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UHP trooper hit by car, undergoing surgery on arm and hand

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SALT LAKE CITY — A veteran trooper had three fingers severed and suffered a serious injury to his arm Wednesday when he was sideswiped by a vehicle while investigating a separate accident.

Utah Highway Patrol Sgt. Chris Dunn, 47, was hospitalized Wednesday in critical but stable condition after suffering "extensive trauma" to his left arm and hand. UHP Lt. Steve Winward said the trooper's pinkie, ring and middle fingers were severed in the accident and he also suffered damage to his forearm.

Dunn underwent surgery Wednesday and doctors were working to try and reattach the man's fingers.

The incident began just before 6:30 a.m. when a slow-moving semitrailer going east on I-80 was rear-ended by a van near the Lambs Canyon exit. There were no life-threatening injuries in that accident, said UHP Cpl. Todd Johnson, but a medical helicopter was called as a precaution.

While investigating that accident, Dunn went to retrieve a measuring device from his car and was leaning in on the driver side, bracing himself with the door, when he was hit by a utility truck, Johnson said. Dunn's arm "took the full force of the impact."

The limb was apparently caught between the trooper's car door and the car itself, said Unified Police Lt. Justin Hoyal. That accident happened about two hours after the first accident.

The 21-year-old driver of the truck was having trouble shifting gears and looked down as he attempted to shift, veering off to the right in the process and sideswiping Dunn with the bed of his truck, Hoyal said.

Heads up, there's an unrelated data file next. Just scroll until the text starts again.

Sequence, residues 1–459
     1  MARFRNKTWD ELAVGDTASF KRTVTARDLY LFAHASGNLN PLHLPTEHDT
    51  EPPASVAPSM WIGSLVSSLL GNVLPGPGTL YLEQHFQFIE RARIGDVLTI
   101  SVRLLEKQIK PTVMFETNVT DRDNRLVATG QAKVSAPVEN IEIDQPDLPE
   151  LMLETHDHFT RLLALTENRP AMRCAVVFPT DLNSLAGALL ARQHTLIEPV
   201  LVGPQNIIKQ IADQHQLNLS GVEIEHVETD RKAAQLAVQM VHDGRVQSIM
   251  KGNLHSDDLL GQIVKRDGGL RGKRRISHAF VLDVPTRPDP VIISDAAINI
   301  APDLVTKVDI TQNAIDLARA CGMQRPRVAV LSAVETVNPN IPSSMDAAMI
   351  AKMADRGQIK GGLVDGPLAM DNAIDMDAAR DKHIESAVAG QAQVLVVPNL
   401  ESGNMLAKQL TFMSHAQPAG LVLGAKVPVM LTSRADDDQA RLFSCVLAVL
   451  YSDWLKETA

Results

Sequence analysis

He was flown by AirMed to University Hospital, where he was initially listed in extremely critical condition, Hoyal said. He was later upgraded to serious condition when he entered surgery.

A constant concern

Many troopers have similar stories. Lt. Winward is Dunn's friend and colleague. He arrived on scene right after the crash. Lt. Windward had a very close call himself a couple of years ago as he wrapped up a traffic stop.

"I just had this distinct feeling that I needed to get back in my vehicle," Winward said. "I jumped in my vehicle, and as I shut the door, this vehicle took the door right out of my hand. Had I been standing where I was, I wouldn't be here today."

Last December, a trooper was hit for the second time in one year. And back in 2009, 15 troopers were hit in just two months. Dunn is the fifth UHP trooper to be hit by a vehicle so far this year, Johnson said.

"If (drivers) see the red and blue lights, they need to slow down and move over," Winward said. "We deal with dangerous people every day unfortunately. It's some of the drivers that we're more worried about."

"A matter of inches, or a matter of seconds, (Dunn) could've lost his life," Winward said.

Hoyal said the accident likely could have been much worse had traffic not been slowed a bit by the earlier crash. The incident still serves as a reminder for motorists to slow down and move over.

"The bright spot in all this is Sgt. Dunn is still with us, but he's got a long recovery ahead of him," Johnson said. "This is a crash and an injury that should not have happened."

Contributing: Emiley Morgan.


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